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System Management Concepts:
Operating System and Devices

Backup Overview

Backing up file systems, directories, and files represents a significant investment of time and effort. At the same time, all computer files are potentially easy to change or erase, either intentionally or by accident. When a hard disk crashes, the information contained on that disk is destroyed. The only way to recover the destroyed data is to retrieve the information from your backup copy. If you carefully and methodically back up your file systems, you can always restore recent versions of files or file systems with little difficulty.

Backup Methods

Several methods exist for backing up information. One of the most frequently used methods is called backup by name or file name archive. This method of backup is done when the i flag is specified and is used to make a backup copy of individual files and directories. It is a method commonly used by individual users to back up their accounts.

Another frequently used method is called backup by i-node or file system archive. This method of backup is done when the i flag is not specified. It is used to make a backup copy of an entire file system and is the method commonly used by system administrators to back up large groups of files, such as all of the user accounts in /home. A file system backup allows incremental backups to be performed easily. An incremental backup backs up all files that have been modified since a specified previous backup.

The compress and pack commands enable you to compress files for storage, and the uncompress and unpack commands unpack the files once they have been restored. The process of packing and unpacking files takes time, but once packed, the data uses less space on the backup medium.

Several commands create backups and archives. Because of this, data that has been backed up needs to be labeled as to which command was used to initiate the backup, and how the backup was made (by name or by file system).

backup Backs up files by name or by file system.
mksysb Creates an installable image of the rootvg.
cpio Copies files into and out of archive storage.
dd Converts and copies a file. Commonly used to convert and copy data to and from systems running other operating systems, for example, mainframes. dd does not group multiple files into one archive; it is used to manipulate and move data.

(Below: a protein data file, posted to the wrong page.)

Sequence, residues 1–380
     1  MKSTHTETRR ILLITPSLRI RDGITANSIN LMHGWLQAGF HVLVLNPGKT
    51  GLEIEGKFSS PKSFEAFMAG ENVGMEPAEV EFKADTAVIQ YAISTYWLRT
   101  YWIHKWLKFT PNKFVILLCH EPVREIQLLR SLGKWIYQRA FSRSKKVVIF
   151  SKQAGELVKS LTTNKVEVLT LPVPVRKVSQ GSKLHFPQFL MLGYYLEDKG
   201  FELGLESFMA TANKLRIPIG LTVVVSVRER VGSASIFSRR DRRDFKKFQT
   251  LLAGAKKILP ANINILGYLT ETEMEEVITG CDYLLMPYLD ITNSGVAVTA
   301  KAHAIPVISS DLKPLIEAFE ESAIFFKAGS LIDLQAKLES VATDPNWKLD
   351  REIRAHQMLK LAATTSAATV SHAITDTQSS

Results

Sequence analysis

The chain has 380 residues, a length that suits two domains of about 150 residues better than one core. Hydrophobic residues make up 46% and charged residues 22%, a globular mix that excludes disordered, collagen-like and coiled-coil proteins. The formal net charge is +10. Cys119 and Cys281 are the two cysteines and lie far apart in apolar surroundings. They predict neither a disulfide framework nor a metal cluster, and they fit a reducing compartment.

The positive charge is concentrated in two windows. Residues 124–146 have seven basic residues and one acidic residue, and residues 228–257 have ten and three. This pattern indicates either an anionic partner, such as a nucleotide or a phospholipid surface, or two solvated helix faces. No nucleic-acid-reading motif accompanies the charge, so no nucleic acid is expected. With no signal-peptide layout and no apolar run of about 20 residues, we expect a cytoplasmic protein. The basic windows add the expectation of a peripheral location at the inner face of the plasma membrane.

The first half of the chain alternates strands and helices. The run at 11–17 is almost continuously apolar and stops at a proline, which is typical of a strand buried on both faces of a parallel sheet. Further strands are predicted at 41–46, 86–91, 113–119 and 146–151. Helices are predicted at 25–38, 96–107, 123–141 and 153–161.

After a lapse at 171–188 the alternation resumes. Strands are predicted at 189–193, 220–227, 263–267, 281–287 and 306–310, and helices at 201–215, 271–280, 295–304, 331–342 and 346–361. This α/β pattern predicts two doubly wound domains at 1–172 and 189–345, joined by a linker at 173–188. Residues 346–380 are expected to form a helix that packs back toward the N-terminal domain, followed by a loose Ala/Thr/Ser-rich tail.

tar Creates or manipulates tar format archives.
rdump Backs up files by file system onto a remote machine's device.
pax (POSIX-conformant archive utility) Reads and writes tar and cpio archives.

Deciding on a Backup Policy

No single backup policy can meet the needs of all users. A policy that works well for a system with one user, for example, could be inadequate for a system that serves one hundred users. Likewise, a policy developed for a system on which many files are changed daily would be inefficient for a system on which data changes infrequently. Whatever the appropriate backup strategy for your site, it is very important that one exist and that backups be done frequently and regularly. It is difficult to recover from data loss if a good backup strategy has not been implemented.

Only you can determine the best backup policy for your system, but the following general guidelines might be helpful:

For the backup of named pipes (FIFO special files) the pipes can be either closed or open. However, the restoration fails when the backup is done on open named pipes. When restoring a FIFO special file, its i-node is all that is required to recreate it because it contains all its characteristic information. The content of the named pipe is not relevant for restored. Therefore, the file size during backup is zero (all the FIFOs closed) before the backup is made.
Attention: System backup and restoration procedures require that the system be restored on the same type of platform from which the backup was made. In particular, the CPU and I/O planar boards must be of the same type.

Understanding Backup Media

Several types of backup media are available. The types of backup media available to your specific system configuration depend upon your software and hardware. The types most frequently used are tapes, diskettes, remote archives, and alternate local hard disks. Unless you specify a different device using the backup -f command, the backup command automatically writes its output to /dev/rfd0, which is the diskette drive.

Attention: Running the backup command results in the loss of all material previously stored on the selected output medium.

Restoring Data

After the data has been correctly backed up, there are several different methods of restoring the data based upon the type of backup command you used.

You need to know how your backup or archive was created to restore it correctly. Each backup procedure gives information about restoring data. For example, if you use the backup command, you can specify a backup either by file system or by name. That backup must be restored the way it was done, by file system or by name.

Several commands restore backed up data, such as:

restore Copies files created by the backup command.
rrestore Copies file systems backed up on a remote machine to the local machine.
cpio Copies files into and out of archive storage.
tar Creates or manipulates tar archives.
pax (POSIX-conformant archive utility) Reads and writes tar and cpio archives.

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